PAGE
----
"True" Full Snareline Sounds Using Cubase

[center]--REVISION I--[/center]

[center]Hello, everybody! [/center]

      First off, I'd like to applaud Tapspace for their outstanding library. They really have done a wonderful job sampling it. I've been using VDL for a little more than a year now, and it is still my marching percussion VST of choice. For most of my works, I use Finale 2011 to score, and Cubase 5 to create the accompanying audio. However, I like to make a few little edits to the instruments to make Virtual Drumline even better. In this tutorial, I'll show you how to create ";real"; snareline sounds. What I essentially mean by ";real"; is that we will be layering the instruments on top of each other to create a true feeling of minuscule variations in drum tuning and playing technique. This tutorial is for Cubase only, as I am not very familiar with other software.

[center]So, let's begin![/center]

[center][u][b]STEP ONE - Load 'Em Up![/b][/u][/center]
      Open up Cubase, and select the Devices menu. Scroll down to VST Instruments, and choose Kontakt Player 2. Now, select Instruments, then Drumline Battery, 1. Snares, and then choose the Snareline Manual (MW) instrument. You can use the LITE version of the instrument instead if you want, but [i]not[/i] the AutoRL instruments, the VDL1 instrument, or the Solo Mylar/Kevlar Snare instruments. Load four copies of the Snareline Manual (MW) instrument.

[center][u][b]STEP TWO - Tweaks[/b][/u][/center]
      Now, go to the second copy's panel in Kontakt's main window. Press Shift and drag the Tune knob until it reads 0.33. Do the same with the fourth copy's Tune knob, but instead change it to -0.33. This will simulate the minute differences in tuning between snares. Now, set up four channels in Cubase, and name them Snare 1, Snare 2, Snare 3, and Snare 4. Select Snare 1. To the left, there should be a small clock with two arrows next to it to the left of a slider. This is your Track Delay, measured in Milliseconds. Drag the slider until it reads 4.00. Leave Snare 2 as is. Change Snare 3's delay to -4.00, and Snare 4's to -8.00. Not only does this give us a little bit of variation between timing and add a tiny it of realistic ";dirt,"; it also somewhat replicates the phasing present on a field, in which one snare may not be in the same position as the other. To further replicate this, locate the MIDI Pan slider, directly above the Track Delay slider. Change Snare 1's Pan to -12, Snare 2's to -6, Snare 3's to 6, and Snare 4's to 12. This adds the feeling that each snare is standing next to another, instead of ";on top"; of each other.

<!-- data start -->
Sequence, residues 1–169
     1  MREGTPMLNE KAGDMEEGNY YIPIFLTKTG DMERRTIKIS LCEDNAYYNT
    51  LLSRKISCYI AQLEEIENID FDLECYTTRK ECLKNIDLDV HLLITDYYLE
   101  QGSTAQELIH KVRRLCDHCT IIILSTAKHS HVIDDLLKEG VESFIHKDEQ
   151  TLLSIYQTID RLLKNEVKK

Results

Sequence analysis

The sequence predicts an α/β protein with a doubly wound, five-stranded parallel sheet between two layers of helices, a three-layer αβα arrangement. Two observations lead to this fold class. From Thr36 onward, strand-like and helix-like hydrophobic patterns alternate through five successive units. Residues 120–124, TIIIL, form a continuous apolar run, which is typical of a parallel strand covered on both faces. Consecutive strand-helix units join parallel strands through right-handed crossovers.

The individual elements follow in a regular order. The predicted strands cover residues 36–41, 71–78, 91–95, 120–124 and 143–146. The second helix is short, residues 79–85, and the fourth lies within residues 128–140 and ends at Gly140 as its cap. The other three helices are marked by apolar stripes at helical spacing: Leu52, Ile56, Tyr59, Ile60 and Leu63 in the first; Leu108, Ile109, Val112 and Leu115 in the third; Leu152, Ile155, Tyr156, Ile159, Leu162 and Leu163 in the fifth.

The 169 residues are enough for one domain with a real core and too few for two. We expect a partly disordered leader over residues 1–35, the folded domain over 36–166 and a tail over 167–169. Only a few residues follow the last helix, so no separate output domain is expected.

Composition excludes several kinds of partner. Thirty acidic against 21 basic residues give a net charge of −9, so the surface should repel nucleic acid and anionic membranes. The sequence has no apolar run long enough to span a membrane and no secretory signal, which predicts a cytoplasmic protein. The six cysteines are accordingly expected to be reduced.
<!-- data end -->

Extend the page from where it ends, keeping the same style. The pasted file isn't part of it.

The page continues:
[center][u][b]STEP THREE - Tweaks, Act II[/b][/u][/center]
      Input any kind of rhythm into Snare 1's track, to test. Use only F#6 and G#6 for now. Copy that rhythm to Snares 2-4. Then, shift Snare 1's rhythm up by two octaves. Leave Snare 2's rhythm as is. Take Snare 3's rhythm and reverse the right-handed stickings with the left-handed ones. Change Snare 4's rhythm by shifting it both two octaves up and inverting the stickings. By now, your virtual snareline should sound much more realistic than VDL's default Snareline Manual (MW) instrument. But we aren't finished quite yet! Go back to Kontakt Player 2, and select the Outputs button at the top. Under St. 1's first menu, select Reverb. Adjust the reverb to your preferences, but always be subtle with it. Nothing ruins a perfectly good piece like overdosing on reverb. Now, fiddle with the velocities of the notes in each track a little. This is because not every snare drummer will produce the exact same sound from their drum. Once you're happy with the velocities, give it a play.

      You're finished! Your snareline should sound much better than it ever has before. All of the numbers mentioned above can be changed and experimented with, so find what works for you. Also, this technique could theoretically be applied to make a true tenorline and bassline, although I have not attempted this yet.

      Attached to this post is a before/after comparison of the snarelines, using Banished Beyond's Lion King Lick. Sorry for those ";machine gun"; diddles and rolls, I haven't quite worked out a system for fixing that just yet. If you have any questions, feel free to respond.

[center][b]Thanks for reading![/b][/center]

NOTE: This is the FIRST REVISION. I will update the techniques I use as I learn what works better. I would love to hear what everybody else thinks, so please reply!
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